Running is my outlet- it has been my stress relief for years. My time to myself to think- or not- and get those endorphins flowing. It’s been especially important in recent months while dealing with family drama and moving apartments. Yet I have a love/hate relationship with running. Sometimes in the moment it is great and everything feels good; other times I️ feel like death. Twice this year running has been taken away from me. In the first month of marathon training, I ran myself into the ground to a point of injury. I️ had to learn to rest, know my limitations, and work my way back up to it.
Thanksgiving morning, I ran the Garden City Turkey Trot. This is one of my favorite local races- 5 miles through the streets I ran so frequently while in grad school. This year was not my fastest, but that’s fine by me because I had fun. Every year I’ve been able to run with family, friends, or both! It really is one of my favorite parts about Turkey Day! This year I️ ended up with a different memory. Thanksgiving night I was in a bad car accident where the airbags went off. I went to the ER where they determined I have a possible buckle fracture in my sternum. It hurt to breathe deeply, laugh, or even cry. The rest of me is fine, my car not so much. But please don’t throw me a pity party- I’m doing much better now.
Unfortunately, I am not able to run again. In fact, I can’t lift anything. Sometimes I move the wrong way and end up with sharp pain- and I so badly want to run, jump, lift, and snowboard. But I’ve learned patience and I know my body will heal itself. I’ve learned not to be afraid to ask for help while I let myself recover. Until then, I will enjoy my low impact cardio and physical therapy exercises 👍
The last 18 weeks have been quite a whirlwind! Marathon weekend is finally here and in 2 days, we will be hitting the streets of Chicago. In honor or the (literal) blood, sweat, and tears, B&B presents…
“An Ode to Marathon Training”
Shout out to donuts. You motivate me to finish my workout, knowing I can replenish my glycogen stores.
Tapering during the last few weeks leading up to a marathon is important for an athlete’s body. During this time your miles are cut down while maintaining a little intensity in order to allow time to rest and recover from weeks of training. After pounding the pavement for hours each week, the body needs to heal and you need to find time to focus and be ready to run on race day. Maybe tapering sounds delightful, but often it brings out the craziness. Here we have a few solutions to calm your nerves in the last weeks before the big race!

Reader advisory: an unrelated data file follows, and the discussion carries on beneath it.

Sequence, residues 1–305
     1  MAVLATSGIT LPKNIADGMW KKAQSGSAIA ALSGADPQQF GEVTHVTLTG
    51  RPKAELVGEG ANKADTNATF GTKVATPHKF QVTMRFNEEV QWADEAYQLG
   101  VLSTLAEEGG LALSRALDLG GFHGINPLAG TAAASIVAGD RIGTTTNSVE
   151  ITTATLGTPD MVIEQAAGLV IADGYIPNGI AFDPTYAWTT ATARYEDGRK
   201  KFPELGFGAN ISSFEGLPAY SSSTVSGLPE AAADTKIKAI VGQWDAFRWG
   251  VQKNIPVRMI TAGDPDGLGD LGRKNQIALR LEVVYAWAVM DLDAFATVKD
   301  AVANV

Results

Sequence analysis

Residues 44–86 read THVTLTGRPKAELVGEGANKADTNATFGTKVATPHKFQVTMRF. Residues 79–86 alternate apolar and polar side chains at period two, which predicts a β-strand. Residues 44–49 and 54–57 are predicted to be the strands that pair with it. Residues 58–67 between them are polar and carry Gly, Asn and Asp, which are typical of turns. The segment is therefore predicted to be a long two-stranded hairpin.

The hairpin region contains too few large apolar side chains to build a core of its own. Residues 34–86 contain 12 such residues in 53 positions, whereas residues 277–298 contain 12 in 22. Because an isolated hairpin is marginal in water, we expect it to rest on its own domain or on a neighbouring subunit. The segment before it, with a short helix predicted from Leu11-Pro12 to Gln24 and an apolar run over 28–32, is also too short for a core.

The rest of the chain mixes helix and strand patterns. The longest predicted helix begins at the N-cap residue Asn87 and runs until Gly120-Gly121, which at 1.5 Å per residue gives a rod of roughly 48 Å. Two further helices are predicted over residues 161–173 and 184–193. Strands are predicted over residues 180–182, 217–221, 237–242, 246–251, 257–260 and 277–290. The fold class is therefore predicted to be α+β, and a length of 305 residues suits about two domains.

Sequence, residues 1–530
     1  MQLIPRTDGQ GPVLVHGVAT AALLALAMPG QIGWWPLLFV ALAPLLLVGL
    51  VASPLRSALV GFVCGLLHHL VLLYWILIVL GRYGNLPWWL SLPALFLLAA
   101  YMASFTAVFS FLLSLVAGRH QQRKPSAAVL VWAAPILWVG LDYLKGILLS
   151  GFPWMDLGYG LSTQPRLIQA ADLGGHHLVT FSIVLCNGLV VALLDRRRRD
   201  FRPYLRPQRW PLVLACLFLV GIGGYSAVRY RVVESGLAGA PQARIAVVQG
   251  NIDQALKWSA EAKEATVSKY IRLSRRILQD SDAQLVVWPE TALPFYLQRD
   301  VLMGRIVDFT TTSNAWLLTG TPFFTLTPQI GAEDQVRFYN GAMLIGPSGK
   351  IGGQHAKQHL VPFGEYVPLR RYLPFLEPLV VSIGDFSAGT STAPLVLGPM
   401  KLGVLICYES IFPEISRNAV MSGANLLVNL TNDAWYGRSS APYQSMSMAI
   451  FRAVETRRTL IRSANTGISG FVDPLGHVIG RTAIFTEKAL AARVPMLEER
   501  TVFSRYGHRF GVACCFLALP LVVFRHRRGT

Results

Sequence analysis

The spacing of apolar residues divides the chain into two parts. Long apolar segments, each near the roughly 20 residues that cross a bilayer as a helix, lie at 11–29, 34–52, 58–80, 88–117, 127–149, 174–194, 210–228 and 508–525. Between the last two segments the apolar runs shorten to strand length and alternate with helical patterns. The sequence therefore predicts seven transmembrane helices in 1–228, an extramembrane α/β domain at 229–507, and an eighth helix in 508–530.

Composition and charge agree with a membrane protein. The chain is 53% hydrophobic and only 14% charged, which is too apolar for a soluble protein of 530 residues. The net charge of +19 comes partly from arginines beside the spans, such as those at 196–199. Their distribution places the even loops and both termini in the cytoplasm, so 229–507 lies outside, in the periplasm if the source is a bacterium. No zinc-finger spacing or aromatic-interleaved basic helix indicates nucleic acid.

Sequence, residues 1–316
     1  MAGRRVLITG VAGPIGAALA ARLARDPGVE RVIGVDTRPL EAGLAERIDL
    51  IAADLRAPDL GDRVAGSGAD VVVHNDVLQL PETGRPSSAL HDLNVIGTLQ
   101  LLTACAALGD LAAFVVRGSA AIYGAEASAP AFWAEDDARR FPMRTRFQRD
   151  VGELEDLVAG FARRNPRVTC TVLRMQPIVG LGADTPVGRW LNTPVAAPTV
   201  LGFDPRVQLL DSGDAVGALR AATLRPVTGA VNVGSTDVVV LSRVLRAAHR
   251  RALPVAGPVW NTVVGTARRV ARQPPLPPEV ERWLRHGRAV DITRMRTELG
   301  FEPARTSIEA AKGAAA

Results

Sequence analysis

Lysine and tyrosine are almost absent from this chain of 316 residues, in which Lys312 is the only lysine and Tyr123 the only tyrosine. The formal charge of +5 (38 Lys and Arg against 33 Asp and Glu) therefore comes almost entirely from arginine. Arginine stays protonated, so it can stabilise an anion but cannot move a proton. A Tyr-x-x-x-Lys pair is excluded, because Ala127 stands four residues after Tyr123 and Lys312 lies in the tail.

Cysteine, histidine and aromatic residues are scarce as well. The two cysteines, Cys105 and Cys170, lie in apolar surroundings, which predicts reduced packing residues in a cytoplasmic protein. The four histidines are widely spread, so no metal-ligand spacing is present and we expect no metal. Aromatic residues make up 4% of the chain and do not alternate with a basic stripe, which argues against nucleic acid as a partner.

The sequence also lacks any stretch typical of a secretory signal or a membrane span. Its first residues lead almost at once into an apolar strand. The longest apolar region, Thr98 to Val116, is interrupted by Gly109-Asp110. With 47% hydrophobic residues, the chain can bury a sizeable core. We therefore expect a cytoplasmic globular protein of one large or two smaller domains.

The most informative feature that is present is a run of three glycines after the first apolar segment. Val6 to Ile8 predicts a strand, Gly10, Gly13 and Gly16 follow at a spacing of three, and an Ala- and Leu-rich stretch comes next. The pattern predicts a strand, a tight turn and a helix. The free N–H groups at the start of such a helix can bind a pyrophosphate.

See you at the finish line!
Fall marathons = summer training. Long sweaty runs in the August heat. As the days have been getting hotter, the runs just keep getting longer. Both Pam and I have been tackling double digit runs every weekend. As some of you know, the Chicago Marathon will be my first marathon (AHHHHH!!) and a few weekends ago, we joined up with the New York Flyers to log our miles for one of their long training runs.
The NY Flyers running club hosts a long training run called the “3 Bridges Run” which is held twice annually. The first time was August 27, and the next long run is on October 14. This training run winds throughout Manhattan, Brooklyn, and Queens before heading back into the city. For those of you running the NYC Marathon this November, it is great because you hit the Pulaski and 59th Street bridges at the same mile markers during both this run and the marathon. Personally, I found that the best part is that you don’t have to run alone!
Honestly, the hardest part of my training so far is that I have been heading out on my long runs alone. A close second is waking up at strange hours of the morning to “beat the heat,” while sacrificing late summer nights with my friends has been pretty tough. Every weekend as I tally up miles, it keeps becoming my longest run ever. While my Garmin is pretty proud of me, that has been my silent success.
Running with the Flyers, however, gave me people to talk to; I ran into old friends and sometimes I just listened to others tell stories while we ran. We talked about what races they were training for, who had done Chicago, New York, Berlin, or never ran a marathon. We were cheered on by the volunteers who graciously gave up their Sunday morning to hand out Gatorade and watch my slather myself in Body Glide. You guys are the real MVPs! And as we continued on, encouraging each other and simply enjoying the mile we were running, I celebrated my longest run ever 🙂
We are 5 weeks out from Chicago, people. Five. Weeks.
The New York Road Runner’s Mini 10k was the first women’s only race and has been held annually since 1972. The race was originally intended to be a marathon, but it was decided that a “mini marathon” would be better suited. It’s crazy to think that not until the 1970s did women have their own race. It’s even more amazing now that not only does NYRR still host this 10k, but the Women’s Half Marathon each spring!
This was my first time running the Mini 10k- many of my friends have done this race before (including Pam) and always enjoy it. Naturally I had to join in on the fun. Plus, it was part of girls’ weekend in NYC! Unlike some of the other road races, there is no crazy sign-up rush for this race which had over 8,000 finishers yesterday morning.
NYRR makes packet pick-up so easy for race morning or getting your bib ahead of time at the Run Center. The girl squad met up for race morning and headed to Columbus Circle for the starting line. Even before 8am, it was heating up to be a warm day. Summer is finally starting in New York! The corrals were organized, but separated by flimsy ribbon which ended up breaking and crowding the start. The first mile runs uptown on Central Park West- this part of the race was definitely crowded! I tried to weave through people, but also needed to gauge my speed. 1. It was hot! My body was telling me that I wasn’t going to be setting any records with this warm weather. 2. Don’t try and sprint out of the gate knowing that the steepest hill was coming up in Mile 2.